That morning, before we visited the Getty Museum in Los Angeles — it started out like any other morning before a field trip. I must have had more time on my hands then usual, because at some point I had the chance to sit down with a couple of my sons and explore the museum website. We did a few of the normal things. We printed directions, printed out some educational stuff to do at the museum, looked at pictures, read a bit. Then we watched a video — and a couple things struck me. The first was this saying I had read on the website.
It’s not about what you look at, it’s about what you see.
This struck me because I loved the quote — and it is so true. The second thing that struck me was a line from the video. I’m not even sure if I am quoting it exactly, but the gist of it was this.
Every Opening Frames a View
Those five minutes watching videos and reading on the website — those two quotes — framed my entire visit at the Getty. For me, the rest of the day was absolutely magical. And maybe even life-changing.
As we traveled through the Getty Museum, I looked at everything with this thought drumming in my head. Every Opening Frames a View.
This next image was particularly fascinating to me, because the entire sculpture as viewed in the slideshow was covered in these grids of metal pipe. But the sculpture moved and turned in the wind, so the view inside each grid was constantly changing and also completely different depending on where you stood. Perspective. Look at what I found inside one of the grids once I got home and zoomed in on my pictures.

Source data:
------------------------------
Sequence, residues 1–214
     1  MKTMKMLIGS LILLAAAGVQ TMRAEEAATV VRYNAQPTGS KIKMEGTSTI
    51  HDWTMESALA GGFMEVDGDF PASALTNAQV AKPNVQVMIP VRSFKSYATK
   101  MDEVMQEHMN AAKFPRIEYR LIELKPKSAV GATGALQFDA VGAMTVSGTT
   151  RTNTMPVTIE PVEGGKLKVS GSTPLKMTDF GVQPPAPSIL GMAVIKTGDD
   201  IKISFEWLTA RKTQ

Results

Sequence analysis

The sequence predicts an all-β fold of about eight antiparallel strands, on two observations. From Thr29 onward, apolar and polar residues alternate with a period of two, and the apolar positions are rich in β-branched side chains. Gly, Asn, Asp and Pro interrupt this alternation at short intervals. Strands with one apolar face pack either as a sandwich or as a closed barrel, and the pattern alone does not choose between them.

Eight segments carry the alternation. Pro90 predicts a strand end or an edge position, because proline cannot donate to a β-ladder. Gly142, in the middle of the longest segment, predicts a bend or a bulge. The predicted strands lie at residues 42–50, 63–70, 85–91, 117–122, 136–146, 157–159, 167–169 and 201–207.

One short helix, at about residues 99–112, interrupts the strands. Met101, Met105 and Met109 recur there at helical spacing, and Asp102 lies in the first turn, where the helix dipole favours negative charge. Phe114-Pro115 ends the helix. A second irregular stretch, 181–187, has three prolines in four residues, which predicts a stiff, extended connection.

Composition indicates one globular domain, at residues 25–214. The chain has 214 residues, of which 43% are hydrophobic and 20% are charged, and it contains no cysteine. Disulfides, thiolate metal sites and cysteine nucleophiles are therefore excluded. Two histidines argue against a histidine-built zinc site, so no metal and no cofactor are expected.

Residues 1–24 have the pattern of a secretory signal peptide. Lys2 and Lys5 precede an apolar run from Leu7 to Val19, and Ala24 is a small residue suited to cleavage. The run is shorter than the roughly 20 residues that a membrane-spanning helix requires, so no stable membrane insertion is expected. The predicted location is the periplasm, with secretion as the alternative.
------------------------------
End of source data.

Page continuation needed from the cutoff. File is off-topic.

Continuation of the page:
I was surprised on the way home when I started noticing frames everywhere. One particularly astounding frame was the frame formed by an overpass framing the 450. Gridlocked cars filled the frame. It was an interesting opening, framing an interesting view. I think that was the point at which I realized that I may never look at another opening without noticing what is framed within. “It’s not about what you look at, it’s about what you see.” As I look back on that moment now, I wish I had been quick enough to ask one of my passengers to snap a picture.
What if the opening is a life change? What if the view I see inside that frame is not exciting or pretty? What if the view is always changing, or what if I am just not looking from the right perspective? What if the opening is a conversation with my child? What if I am not listening? What view into his world might I miss? What if that opening was my one change to teach an eager learner how to read? What if I missed that opening because I was too busy blogging?
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